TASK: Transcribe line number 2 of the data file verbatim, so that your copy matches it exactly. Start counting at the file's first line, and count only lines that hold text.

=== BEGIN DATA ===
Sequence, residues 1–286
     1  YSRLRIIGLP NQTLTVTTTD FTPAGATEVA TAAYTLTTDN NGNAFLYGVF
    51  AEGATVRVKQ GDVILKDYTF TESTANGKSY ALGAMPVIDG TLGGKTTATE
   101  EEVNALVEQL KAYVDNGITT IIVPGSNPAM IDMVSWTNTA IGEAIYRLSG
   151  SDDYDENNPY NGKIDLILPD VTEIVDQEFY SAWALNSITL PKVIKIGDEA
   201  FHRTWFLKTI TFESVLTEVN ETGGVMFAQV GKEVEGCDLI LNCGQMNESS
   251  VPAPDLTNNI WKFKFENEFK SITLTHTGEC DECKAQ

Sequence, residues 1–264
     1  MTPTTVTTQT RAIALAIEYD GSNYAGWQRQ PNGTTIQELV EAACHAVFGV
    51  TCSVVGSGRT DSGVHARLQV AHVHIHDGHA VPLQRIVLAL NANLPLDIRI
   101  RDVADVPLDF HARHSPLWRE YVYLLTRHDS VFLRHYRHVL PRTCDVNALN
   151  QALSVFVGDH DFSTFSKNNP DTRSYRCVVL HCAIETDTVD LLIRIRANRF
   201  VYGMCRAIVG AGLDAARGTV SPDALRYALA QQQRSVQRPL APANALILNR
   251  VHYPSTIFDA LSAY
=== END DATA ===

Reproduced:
     1  YSRLRIIGLP NQTLTVTTTD FTPAGATEVA TAAYTLTTDN NGNAFLYGVF